It’s clear that some people pick up languages more quickly and effectively than others. This, of course, depends on various factors, such as background, motivation, age, intelligence, aptitude, level of education, knowledge of other languages, etc. Another factor which could be important for successful learning is called ‘language-learning strategies’.
According to Wenden & Rubin, LLS is “specific actions employed to facilitate the learning and recall of one or several components of proficiency. Facilitation does not only imply making the process easier, but also making it faster, more enjoyable, more self-directed, more effective, and more transferable to new situations.”
There are a number of ways to group LLS. Direct strategies consist of memory strategies, cognitive strategies and compensation strategies. Indirect strategies consist of metacognitive strategies (how to coordinate the process), effective strategies (how to control emotions, and social strategies.)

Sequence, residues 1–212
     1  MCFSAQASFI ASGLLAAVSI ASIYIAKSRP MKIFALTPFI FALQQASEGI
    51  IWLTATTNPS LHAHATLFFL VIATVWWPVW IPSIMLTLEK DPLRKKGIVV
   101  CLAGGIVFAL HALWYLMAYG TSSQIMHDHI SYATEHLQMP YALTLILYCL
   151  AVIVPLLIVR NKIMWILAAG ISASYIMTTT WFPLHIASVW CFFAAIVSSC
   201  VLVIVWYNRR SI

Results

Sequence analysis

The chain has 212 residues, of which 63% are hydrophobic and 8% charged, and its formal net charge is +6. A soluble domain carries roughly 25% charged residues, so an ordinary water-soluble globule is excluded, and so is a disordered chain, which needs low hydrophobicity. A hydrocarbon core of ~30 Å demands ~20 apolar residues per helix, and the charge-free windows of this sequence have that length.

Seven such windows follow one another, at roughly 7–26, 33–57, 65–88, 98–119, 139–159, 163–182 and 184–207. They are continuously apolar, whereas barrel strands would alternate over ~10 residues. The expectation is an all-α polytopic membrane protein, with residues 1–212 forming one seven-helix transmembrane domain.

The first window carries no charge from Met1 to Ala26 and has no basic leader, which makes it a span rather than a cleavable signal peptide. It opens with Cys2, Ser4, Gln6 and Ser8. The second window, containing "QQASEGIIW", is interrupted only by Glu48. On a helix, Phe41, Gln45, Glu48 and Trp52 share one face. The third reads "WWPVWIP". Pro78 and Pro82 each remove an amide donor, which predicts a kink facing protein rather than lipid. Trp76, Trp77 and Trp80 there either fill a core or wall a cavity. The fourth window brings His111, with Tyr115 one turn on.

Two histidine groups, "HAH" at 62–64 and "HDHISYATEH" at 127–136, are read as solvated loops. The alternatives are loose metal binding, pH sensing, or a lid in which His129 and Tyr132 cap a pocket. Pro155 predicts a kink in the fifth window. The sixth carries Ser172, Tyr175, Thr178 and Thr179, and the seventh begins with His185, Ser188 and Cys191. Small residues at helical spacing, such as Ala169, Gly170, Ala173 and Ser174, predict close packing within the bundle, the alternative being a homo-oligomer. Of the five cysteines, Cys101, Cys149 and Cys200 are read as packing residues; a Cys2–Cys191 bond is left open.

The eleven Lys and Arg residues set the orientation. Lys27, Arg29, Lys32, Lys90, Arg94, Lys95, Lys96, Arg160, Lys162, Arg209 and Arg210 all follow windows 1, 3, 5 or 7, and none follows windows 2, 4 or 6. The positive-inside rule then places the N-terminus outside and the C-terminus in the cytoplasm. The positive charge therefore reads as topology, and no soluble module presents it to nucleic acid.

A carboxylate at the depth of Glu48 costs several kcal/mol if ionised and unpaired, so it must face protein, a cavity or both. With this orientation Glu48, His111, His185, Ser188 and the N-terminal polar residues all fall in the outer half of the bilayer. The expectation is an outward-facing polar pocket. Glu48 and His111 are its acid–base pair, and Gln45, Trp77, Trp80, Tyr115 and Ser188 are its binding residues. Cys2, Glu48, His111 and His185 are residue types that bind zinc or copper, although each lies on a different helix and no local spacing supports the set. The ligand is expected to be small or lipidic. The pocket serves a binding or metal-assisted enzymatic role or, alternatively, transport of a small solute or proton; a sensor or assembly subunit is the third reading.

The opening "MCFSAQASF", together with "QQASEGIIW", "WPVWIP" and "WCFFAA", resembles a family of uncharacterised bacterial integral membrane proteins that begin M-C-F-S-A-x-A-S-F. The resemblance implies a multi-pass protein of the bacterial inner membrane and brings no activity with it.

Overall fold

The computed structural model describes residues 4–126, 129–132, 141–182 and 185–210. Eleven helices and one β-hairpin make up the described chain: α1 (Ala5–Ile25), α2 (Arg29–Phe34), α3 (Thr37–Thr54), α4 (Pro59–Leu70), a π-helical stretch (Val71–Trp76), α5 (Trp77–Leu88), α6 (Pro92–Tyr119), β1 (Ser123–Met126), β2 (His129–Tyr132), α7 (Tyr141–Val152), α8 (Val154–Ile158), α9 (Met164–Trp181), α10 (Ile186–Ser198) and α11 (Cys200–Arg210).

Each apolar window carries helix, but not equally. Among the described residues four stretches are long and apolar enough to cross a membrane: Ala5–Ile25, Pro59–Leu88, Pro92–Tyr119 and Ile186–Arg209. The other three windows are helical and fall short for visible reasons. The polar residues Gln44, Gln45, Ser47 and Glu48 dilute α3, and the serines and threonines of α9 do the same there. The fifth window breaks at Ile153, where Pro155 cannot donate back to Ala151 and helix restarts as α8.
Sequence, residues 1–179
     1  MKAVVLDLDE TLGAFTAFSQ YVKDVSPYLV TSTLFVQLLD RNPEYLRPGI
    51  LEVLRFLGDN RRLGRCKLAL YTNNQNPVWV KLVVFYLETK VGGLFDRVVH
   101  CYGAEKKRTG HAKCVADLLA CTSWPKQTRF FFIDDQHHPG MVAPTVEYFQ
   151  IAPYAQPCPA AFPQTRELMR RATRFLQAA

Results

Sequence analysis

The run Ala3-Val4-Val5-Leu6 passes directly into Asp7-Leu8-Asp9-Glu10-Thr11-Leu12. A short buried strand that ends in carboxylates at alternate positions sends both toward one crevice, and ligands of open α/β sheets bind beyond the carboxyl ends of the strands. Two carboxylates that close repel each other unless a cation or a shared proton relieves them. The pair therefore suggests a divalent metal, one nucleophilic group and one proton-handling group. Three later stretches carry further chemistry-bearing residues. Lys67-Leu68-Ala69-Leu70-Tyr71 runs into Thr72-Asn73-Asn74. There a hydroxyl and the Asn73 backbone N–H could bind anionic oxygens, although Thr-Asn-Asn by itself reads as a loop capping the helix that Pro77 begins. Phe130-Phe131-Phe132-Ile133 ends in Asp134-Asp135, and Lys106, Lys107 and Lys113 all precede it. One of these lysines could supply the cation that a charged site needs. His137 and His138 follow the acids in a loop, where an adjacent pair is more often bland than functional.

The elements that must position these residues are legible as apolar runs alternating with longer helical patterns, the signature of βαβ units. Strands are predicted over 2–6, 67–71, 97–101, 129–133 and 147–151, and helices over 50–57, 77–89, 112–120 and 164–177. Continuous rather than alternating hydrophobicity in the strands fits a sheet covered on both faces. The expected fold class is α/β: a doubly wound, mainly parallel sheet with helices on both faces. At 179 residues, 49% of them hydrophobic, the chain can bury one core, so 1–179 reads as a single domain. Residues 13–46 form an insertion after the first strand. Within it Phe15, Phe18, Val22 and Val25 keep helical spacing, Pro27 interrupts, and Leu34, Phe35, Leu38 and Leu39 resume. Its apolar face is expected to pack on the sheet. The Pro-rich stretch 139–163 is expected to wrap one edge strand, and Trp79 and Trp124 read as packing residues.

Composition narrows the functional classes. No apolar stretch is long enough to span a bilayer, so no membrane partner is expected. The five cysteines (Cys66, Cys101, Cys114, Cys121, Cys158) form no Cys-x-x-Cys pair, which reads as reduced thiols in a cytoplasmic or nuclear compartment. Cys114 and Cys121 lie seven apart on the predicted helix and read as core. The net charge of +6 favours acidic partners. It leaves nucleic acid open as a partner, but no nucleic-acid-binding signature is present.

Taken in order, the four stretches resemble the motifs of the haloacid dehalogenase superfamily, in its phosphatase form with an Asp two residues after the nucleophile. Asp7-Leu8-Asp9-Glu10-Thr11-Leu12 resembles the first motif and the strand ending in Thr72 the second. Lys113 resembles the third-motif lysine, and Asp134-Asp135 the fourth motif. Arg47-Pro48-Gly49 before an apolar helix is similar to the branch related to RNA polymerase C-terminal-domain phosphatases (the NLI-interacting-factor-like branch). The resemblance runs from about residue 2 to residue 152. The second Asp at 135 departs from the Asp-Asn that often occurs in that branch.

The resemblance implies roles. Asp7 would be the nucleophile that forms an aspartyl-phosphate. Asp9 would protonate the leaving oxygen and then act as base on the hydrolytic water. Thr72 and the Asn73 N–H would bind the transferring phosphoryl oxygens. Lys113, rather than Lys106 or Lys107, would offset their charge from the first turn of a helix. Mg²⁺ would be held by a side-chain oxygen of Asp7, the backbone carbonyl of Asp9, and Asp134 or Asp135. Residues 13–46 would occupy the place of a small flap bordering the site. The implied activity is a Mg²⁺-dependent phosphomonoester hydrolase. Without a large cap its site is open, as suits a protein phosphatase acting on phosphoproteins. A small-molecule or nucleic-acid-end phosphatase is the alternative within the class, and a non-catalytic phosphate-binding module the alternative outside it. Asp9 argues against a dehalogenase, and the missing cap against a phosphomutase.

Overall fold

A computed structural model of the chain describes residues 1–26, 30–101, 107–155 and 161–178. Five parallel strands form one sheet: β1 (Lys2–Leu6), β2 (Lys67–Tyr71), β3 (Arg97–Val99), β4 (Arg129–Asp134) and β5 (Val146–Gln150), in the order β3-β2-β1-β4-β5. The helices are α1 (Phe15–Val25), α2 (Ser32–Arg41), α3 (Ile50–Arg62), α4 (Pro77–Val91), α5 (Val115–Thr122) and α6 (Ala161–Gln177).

Everyone learning a language uses LLS. Those who are successful at doing so chose the most appropriate strategy for addressing a specific learning obstacle or task.
One of the most popular and accessible manuals for learning more about LLS is called “Learning to Learn English” by Ellis & Sinclair, published in 1989. Non-native speakers have a better chance at explaining LLS to their students, as they’re also conscious learners of English. As such, their training should also touch upon the role of LLS
Source: Peter Medgyes, “Teaching language-learning strategies”, The Non-Native Teacher